A protester at last Saturdays anti-stadium rally.
Politicians pile on West Side Jets/Olympic stadium
By Albert Amateau
About 500 anti-stadium partisans filled McCaffrey Park in the middle of Hells Kitchen on Sunday afternoon to hear neighbors, elected officials and political candidates tee off on Mayor Bloombergs drive to build a 75,000-seat New York Sports and Convention Center stadium over the 30th St. West Side rail yards.
Mayoral candidates who whipped up the crowd on May 14 against what they called a giveaway to the New York Jets and a waste of public money, included City Council Speaker Gifford Miller, Congressmember Anthony Weiner and former Bronx Borough President Fernando Ferrer.
No West Side stadium, build it in Queens, said Weiner, whose Congressional district encompasses parts of Queens as well as Brooklyn.
Miller referred to his leadership in the City Council action last week that prevents the city from using payments in lieu of taxes, or PILOTs, to finance the stadium. We expect the mayor to veto it and we will override the veto, Miller predicted.
Assemblymember Scott Stringer and Councilmember Bill Perkins, candidates for Manhattan borough president, were there and so was Public Advocate Betsy Gotbaum, seeking reelection. Carlos Manzano, a resident of Clinton and candidate for Manhattan borough president, also made a stand against the proposed stadium.
Stringer and Gotbaum reminded the crowd that they have joined one of two lawsuits against the city to stop the Metropolitan Transportation Authority from selling the rail yards to the Jets for a stadium. Moreover, Gotbaum remarked that the proposed stadium would have to be expanded beyond its 75,000-seat capacity to accommodate the 2012 Olympics, which the city hopes to win.
Assemblymember Richard Gottfried, whose West Side district includes Chelsea and Clinton, and State Senator Liz Krueger, representing Manhattans East Side, also blasted the proposal by the Bloomberg and Pataki administrations to spend public money on a stadium instead of on schools and affordable housing.
Stadium opponents at the rally said they were encouraged by Assembly Speaker Sheldon Silvers statement on Fri., May 12, that the state Public Authorities Control Board would probably not vote on the stadium at its May 18 meeting. Silver, Governor Pataki and State Senate Majority Leader Joseph Bruno control the three P.A.C.B. votes, and a No vote from one of them could stop the project. Silver and Bruno indicated last week that they thought the P.A.C.B. vote should wait until the lawsuits are settled.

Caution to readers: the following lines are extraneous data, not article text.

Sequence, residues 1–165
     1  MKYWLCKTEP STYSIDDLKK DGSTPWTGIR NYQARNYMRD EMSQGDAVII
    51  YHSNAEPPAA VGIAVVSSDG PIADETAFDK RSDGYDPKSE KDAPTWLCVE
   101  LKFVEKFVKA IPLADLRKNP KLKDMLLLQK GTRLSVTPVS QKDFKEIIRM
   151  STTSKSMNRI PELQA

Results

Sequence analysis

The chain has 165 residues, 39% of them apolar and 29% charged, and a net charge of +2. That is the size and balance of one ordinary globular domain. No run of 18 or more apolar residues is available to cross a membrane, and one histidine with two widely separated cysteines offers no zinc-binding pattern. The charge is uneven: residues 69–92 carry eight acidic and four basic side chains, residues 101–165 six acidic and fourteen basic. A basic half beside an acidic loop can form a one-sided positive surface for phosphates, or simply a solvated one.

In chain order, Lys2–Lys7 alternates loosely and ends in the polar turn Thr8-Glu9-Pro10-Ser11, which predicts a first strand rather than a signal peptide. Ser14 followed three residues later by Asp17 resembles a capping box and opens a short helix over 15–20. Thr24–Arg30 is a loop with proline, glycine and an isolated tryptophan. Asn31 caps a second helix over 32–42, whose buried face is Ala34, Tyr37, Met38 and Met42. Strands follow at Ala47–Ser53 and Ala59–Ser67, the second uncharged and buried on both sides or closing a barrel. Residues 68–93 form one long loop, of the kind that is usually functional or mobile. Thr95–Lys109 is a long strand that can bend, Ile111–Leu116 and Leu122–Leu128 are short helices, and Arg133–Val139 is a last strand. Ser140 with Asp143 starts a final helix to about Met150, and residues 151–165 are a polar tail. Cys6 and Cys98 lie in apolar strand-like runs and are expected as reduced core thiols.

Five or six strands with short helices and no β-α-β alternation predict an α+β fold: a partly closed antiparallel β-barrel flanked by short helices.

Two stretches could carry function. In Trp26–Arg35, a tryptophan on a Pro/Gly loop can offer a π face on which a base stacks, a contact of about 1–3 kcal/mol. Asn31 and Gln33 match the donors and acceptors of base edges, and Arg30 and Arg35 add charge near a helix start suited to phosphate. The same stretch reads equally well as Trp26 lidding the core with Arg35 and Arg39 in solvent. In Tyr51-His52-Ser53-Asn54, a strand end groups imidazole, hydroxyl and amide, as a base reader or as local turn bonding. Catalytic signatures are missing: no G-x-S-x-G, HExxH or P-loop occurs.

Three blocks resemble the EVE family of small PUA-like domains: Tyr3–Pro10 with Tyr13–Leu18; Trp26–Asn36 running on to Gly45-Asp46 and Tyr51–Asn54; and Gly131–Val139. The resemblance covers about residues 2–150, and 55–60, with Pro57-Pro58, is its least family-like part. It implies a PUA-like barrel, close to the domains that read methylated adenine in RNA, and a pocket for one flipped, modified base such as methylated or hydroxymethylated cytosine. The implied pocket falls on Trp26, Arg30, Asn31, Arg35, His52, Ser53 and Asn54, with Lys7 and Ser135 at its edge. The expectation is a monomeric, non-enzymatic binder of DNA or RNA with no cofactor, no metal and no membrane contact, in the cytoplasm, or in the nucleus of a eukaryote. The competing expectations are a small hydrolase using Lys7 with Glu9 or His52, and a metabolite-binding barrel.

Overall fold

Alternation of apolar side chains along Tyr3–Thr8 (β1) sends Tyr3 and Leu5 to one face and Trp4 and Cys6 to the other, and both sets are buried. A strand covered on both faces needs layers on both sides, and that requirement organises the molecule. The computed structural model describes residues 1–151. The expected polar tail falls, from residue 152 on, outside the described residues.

City Councilmember Christine Quinn and State Senator Tom Duane, who represent the Chelsea and Clinton neighborhoods where the rail yards are located, were cheered as they denounced the stadium and its impact on auto traffic already bumper-to-bumper during rush hours. Quinn and Duane are among the plaintiffs in Hells Kitchen Hudson Yards Neighborhood Association suit to block the stadium
If the stadium is built, what happens at halftime when everybody flushes the toilets at the same time? The West Side would be flooded, quipped Duane, referring to the North River sewage treatment plant in West Harlem, which is already handling storm and sanitary sewage beyond rated capacity.
Congressmember Jerrold Nadler, whose district includes the West Side, Lower Manhattan and part of Brooklyn, also spoke against the stadium and the intense promotion of it by Dan Doctoroff, the deputy mayor for economic development. Wouldnt it be nice to have a deputy mayor for economic development instead of a deputy mayor for a stadium? Nadler quipped.
City Councilmember Gail Brewer of the Upper West Side and Assemblymember Adriano Espaillat of Washington Heights joined the rally organized by the Hells Kitchen Hudson Yard Neighborhood Association. Councilmember Eva Moskowitz, representing the East Side, agreed that a stadium over the West Side rail yards would generate terrible traffic jams all over Manhattan, especially since the plan does not provide for any parking at all.
Community Board 4 Chairperson Walter Mankoff also denounced the stadium plan. The community board last year cited an environmental impact statement that foresaw traffic problems associated with the stadium.
The crowd rocked and later danced to the live music of Andrew Vladek and the Magnificent Seven, a Lower East Side band. An anti-stadium letter-writing campaign that rally leaders promoted on Sunday resulted in 25,000 letters and e-mails urging Governor Pataki, Assembly Speaker Silver and Majority Leader Bruno to hold off approval of the stadium.